When I would mediate circles between students involved in bullying, the insights were always generative: sometimes we would learn that the student who bullied was experiencing peer pressure, low self-esteem, or anger issues; other times, we would learn that the student who was bullied contributed–sometimes explicitly, sometimes unintentionally–to the causes of the conflict. Without understanding and addressing these underlying issues, we will never fully resolve the conflict.

If students were participating in age-appropriate versions of conflict resolution as young as elementary school, imagine how school culture and young people’s relationships could flourish! 

Improving Staff Culture

Restorative justice isn’t only about teacher-student conflicts; rather, when schools adopt a holistic approach to conflict resolution, they bring those practices and perspectives into their staff culture. If we only use restorative justice to address conflicts with students but not with our colleagues, we not only continue to harm school culture, but we delegitimize restorative justice as an approach to address conflict. 

One simple action we took when I was a Restorative Justice Coordinator was beginning each staff meeting with an opening circle. These circles allowed staff members–particularly those who don’t often work together–to slow down from the fast pace of teaching, learn more about their colleagues, and build new connections based on common interests.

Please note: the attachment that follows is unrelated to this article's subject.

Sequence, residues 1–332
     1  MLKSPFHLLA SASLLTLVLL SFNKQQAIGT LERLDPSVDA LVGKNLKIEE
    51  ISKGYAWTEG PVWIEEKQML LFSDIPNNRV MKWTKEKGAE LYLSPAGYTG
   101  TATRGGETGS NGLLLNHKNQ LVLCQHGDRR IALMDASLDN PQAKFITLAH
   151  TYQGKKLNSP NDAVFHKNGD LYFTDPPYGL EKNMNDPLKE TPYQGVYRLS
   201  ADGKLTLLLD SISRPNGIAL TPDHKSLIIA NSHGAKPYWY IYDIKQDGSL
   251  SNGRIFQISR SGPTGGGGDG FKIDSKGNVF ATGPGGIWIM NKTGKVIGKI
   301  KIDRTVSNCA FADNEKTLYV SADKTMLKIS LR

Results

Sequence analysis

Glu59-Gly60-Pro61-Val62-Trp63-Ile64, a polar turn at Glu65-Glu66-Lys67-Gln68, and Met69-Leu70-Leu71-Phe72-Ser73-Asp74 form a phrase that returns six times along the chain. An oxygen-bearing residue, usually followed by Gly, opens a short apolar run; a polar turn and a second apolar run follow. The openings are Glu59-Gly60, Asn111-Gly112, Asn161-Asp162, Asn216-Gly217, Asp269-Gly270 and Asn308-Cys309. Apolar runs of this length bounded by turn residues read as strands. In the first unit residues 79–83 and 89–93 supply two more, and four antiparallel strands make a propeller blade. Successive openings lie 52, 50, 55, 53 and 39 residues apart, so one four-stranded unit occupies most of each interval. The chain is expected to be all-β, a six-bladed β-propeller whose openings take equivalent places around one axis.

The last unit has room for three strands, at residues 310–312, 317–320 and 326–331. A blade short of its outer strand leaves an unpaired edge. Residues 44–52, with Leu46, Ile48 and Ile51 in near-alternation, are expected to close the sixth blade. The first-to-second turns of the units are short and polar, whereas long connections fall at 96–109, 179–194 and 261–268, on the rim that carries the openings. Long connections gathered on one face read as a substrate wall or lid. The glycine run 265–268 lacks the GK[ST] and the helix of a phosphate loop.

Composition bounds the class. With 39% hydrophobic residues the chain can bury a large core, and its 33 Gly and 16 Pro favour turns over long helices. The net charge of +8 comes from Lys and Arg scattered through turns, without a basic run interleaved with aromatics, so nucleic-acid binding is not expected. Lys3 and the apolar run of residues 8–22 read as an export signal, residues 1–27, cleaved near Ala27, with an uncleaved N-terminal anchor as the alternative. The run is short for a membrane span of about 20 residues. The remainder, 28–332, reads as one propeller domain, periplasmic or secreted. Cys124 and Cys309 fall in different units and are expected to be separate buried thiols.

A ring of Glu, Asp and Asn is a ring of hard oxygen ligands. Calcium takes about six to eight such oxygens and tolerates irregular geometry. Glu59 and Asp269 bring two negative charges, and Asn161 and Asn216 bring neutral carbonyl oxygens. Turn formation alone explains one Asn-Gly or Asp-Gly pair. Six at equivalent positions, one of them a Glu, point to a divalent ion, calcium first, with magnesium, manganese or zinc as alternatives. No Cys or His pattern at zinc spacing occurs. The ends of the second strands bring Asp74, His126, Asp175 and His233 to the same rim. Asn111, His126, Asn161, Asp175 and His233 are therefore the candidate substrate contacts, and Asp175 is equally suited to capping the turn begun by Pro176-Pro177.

As school leaders, it’s important to think about restorative justice as not only a classroom shift, but a school-wide shift. How can we use tools like circles and conferences to mediate conflicts between teachers? How can we establish relationship-building as a priority in staff meetings? Grappling with these questions can help support a healthier school culture, which can improve both teacher morale and students’ experiences in school.

Moving Toward a Trauma-Informed Approach 

Traditional school practices of punishment and consequences are at odds with the principles of trauma-informed practices. Recognizing this, restorative practices can also support moving toward a trauma-informed school. 

Conversations about trauma-informed practices can often lead with who in the school has experienced trauma. This can be problematic because trauma can often be invisible; we don’t always know who has such experiences. Because of this, rather than tailoring trauma-informed practices to specific students, we can imbed trauma-informed practices into our everyday structures and routines. Implementing a restorative justice program is one important way that schools can build a trauma-informed approach.

If you are looking for more resources on trauma-informed schools, I highly recommend Alex Shevrin Venet’s book Equity-Centered Trauma-Informed Education for critical insights and practical suggestions and strategies!

Looking for more strategies and resources for implementing restorative practices at your school? Join us at our upcoming webinar with Kikori on February 22, 2023.